When such a pulse train is modulated in duration, the width of individual pulses is varied so that it is proportional to the amplitude of the modulating signal at that instant. This is shown in (a) and (b) of Fig. 1: (a) is one cycle of a sine wave and represents the modulating signal and (c) is ten cycles of the pulse waveform in the unmodulated condition; (b) shows the modulated wave.
In the case shown the trailing edges (i.e., the right-hand edges) of the pulses occur at the same time whether they are modulated or not, but the timing of the leading edges depends on the modulating signal. It is clear that as the waveform (a) grows, the pulses of (b) start earlier and earlier, so that their duration increases. The maximum width occurs when the voltage (a) has its maximum positive value. After this point the pulse width decreases, and when (a) swings negatively the leading edges of the pulses start later than those of the unmodulated ones. Therefore the pulses are shorter. The minimum width occurs at the negative maximum of (a).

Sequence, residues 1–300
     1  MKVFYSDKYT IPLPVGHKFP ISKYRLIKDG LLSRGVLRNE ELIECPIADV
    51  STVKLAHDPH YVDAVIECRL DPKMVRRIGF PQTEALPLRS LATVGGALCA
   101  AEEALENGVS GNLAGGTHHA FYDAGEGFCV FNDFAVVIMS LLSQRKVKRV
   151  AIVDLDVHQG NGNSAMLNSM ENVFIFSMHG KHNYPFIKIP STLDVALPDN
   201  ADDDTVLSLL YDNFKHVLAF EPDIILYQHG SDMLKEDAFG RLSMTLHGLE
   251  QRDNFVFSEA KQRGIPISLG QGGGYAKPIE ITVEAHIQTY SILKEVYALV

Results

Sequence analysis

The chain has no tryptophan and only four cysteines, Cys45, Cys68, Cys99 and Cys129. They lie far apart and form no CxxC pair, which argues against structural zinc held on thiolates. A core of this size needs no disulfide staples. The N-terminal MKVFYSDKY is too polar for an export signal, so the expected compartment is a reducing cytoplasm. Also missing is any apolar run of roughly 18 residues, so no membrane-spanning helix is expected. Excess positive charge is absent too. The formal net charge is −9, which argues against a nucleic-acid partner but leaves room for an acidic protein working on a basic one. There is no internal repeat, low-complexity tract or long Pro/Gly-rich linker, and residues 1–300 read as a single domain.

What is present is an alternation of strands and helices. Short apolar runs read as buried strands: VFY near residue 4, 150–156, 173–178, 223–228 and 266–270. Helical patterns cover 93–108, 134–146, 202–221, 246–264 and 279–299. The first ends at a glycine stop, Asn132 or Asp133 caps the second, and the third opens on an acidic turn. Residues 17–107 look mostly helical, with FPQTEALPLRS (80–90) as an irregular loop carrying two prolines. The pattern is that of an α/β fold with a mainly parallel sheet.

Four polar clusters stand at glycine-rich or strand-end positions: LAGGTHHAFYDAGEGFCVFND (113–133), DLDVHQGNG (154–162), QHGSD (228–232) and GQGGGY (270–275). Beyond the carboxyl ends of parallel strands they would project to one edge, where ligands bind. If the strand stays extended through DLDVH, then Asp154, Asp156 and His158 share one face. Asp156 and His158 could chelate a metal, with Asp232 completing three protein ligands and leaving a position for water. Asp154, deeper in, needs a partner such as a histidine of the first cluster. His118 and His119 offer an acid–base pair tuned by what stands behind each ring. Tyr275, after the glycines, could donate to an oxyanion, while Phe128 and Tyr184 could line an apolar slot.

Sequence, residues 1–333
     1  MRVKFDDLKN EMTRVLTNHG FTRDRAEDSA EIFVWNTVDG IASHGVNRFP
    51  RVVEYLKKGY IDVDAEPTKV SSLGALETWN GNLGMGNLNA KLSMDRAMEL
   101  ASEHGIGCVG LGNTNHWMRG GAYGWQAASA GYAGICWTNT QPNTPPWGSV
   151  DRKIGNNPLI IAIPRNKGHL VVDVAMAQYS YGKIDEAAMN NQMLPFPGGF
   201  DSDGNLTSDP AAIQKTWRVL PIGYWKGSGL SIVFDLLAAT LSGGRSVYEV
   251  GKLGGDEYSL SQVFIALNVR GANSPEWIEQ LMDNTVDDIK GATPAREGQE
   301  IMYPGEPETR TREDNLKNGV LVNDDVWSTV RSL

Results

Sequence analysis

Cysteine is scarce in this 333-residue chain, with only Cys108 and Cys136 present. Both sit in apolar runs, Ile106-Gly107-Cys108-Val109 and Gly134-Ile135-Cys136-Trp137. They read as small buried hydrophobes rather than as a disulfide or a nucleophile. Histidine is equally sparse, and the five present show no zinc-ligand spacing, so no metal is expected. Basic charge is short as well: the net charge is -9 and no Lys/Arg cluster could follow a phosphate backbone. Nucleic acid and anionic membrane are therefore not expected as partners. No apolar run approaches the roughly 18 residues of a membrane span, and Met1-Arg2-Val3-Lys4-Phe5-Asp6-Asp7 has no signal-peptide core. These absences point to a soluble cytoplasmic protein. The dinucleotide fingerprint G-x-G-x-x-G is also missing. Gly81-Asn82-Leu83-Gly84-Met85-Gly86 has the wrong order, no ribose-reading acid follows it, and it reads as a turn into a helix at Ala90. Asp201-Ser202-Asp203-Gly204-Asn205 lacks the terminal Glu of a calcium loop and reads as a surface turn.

If the unmodulated pulse width is t1 and it is symmetrically modulated, the maximum possible amplitude of modulation is also t2 and then the pulse varies between the limits of t1±t1, or from zero to 2t1. This is, of course, provided that the pulse t1 is equal to or less than the interval t2 between unmodulated pulses. This represents 100% modulation.
In practice, such deep modulation is undesirable because it means the disappearance of the pulse on the negative peak of modulation and in addition very narrow pulses demand an excessive frequency band for their transmission. In general, a modulation depth of 80% is about the maximum allowable. For the case quoted of 40 μS pulses this would mean a variation of 32 μS, so that the minimum or maximum pulse lengths would be 8 μS and 72 μS respectively.
It will be observed that the system virtually samples the modulating signal at intervals and in consequence the signal is not transmitted continuously. There is a minimum number of pulses needed for each cycle of the wave to be transmitted, therefore, if faithful reproduction is to be obtained. One would expect this would be at least several hundred, but in actual fact no more than three pulses are needed and with some care quite good results are obtainable with two pulses per cycle only!
Usually, one takes it that the minimum pulse recurrence frequency is three times the highest modulating frequency, or some 30 kHz for high-fidelity reproduction or 9 kHz for ordinary commercial grade telephony.